Your ears should be in line with your shoulders and your nose in line with your navel.  Keep your eyes open as usual, look at the wall, and drop your line of vision slightly.

Once you’ve taken the zazen position, open your mouth and exhale deeply.  By doing this, you change your whole mood.  In order to work out the stiffness in the joints and muscles, slowly swing two or three times to the left and right.  Now you take the immovable posture.  Once you’ve taken the immovable posture, breathe quietly through the nose.  The important thing is to let the long breaths be long and the short breaths be short.  Your should breathe as naturally as possible from the tanden (about an inch below the navel).  If you are maintaining the correct zazen posture, the center of gravity of your body and mind will naturally fall here. Don’t make noise by breathing heavily.

In our zazen, the most important thing is to sit in the correct posture.  Next, it is important to regulate the breath and calm the mind.

It’s easy to tell someone to aim at the correct posture with his flesh and bones and leave everything up to this, but it’s actually not so simple to do.  If, even while you are in zazen position, you continue your thoughts, you are thinking and no longer doing zazen.  Or, if you fall asleep while in the zazen position, you’re simply sleeping and no longer doing zazen.  Zazen is not thinking, nor is it sleeping; rather, it must aim at holding a living and vital zazen posture.  If you become sleepy while doing zazen, your energy becomes limp.  If you pursue your thoughts, your posture will become stiff.  Zazen is neither being limp and lifeless nor is it being stiff; rather, it ought to be full of life and energy.

In his revolutionary book published in 1957, Alan Watts describes zazen very similar to Uchiyama and adds the following:

The breathing is regulated so as to be slow without strain, with the stress upon the out-breath, and its impulse from the belly rather than the chest.  This has the effect of shifting the body’s center of gravity to the abdomen so that the whole posture has a sense of firmness, of being part of the ground upon which one is sitting.  The slow, easy breathing from the belly works upon the consciousness like bellows, and gives it a still, bright clarity.  The beginner is advised to accustom himself to the stillness by doing nothing more than counting his breaths from one to ten, over and over again, until the sensation of sitting without comment becomes effortless and natural.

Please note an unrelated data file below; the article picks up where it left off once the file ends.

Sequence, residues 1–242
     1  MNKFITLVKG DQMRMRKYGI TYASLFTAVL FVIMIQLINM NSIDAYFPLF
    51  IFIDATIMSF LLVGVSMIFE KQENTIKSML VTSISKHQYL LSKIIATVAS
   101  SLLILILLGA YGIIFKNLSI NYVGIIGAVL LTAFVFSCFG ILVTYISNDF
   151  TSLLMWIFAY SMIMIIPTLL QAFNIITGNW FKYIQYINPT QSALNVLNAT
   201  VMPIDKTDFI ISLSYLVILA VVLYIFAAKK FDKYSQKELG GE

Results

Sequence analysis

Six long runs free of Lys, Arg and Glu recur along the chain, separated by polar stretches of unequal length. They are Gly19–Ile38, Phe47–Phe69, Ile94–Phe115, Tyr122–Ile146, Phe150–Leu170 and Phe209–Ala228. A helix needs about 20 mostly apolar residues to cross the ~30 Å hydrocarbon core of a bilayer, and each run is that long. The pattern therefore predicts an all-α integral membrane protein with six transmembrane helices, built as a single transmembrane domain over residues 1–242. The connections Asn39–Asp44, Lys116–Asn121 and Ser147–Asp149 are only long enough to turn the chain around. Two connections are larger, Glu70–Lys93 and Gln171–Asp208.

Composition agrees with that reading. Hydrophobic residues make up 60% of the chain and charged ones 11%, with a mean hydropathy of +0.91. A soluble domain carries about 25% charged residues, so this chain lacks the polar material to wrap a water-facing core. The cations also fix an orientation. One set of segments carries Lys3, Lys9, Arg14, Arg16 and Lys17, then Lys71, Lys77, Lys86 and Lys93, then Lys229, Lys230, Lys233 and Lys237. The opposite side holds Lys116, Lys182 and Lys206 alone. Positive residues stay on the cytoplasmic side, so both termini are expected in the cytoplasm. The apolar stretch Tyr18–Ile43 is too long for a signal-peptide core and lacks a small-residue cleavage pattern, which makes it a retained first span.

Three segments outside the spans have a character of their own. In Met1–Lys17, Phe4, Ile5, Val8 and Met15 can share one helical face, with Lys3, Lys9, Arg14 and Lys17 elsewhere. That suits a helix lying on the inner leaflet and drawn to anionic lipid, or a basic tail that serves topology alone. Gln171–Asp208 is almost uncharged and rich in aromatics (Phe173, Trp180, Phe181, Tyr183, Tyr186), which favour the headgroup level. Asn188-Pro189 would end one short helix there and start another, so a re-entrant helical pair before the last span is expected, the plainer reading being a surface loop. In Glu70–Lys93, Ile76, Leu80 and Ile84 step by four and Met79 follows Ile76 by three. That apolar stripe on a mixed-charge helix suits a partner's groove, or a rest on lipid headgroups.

Clouds in the Water Zen Center in St. Paul suggests the following:

The aim of meditation is to be intimate with whatever experience arises.
Breathe gently through your nose. Follow the breath as it moves in and out from a point two finger widths beneath your navel.
Allow the breath to sponsor awareness of the body, feelings, and the mind.
When your attention wanders, gently and directly return to the vivid present moment with earnestness.

For sitting meditation, sit comfortably with your back naturally straight, either on a cushion or in a chair.

For walking meditation, walk with awareness of your breath as you step. As you inhale, raise the heel of your foot. When you reach the height of inhalation, slowly swing the foot forward, taking half a step. As you touch the ball of your foot to the floor, gently exhale. Then gently lower the rest of the foot.
A bell will signal the beginning (3 rings) and end (2 rings) of meditation.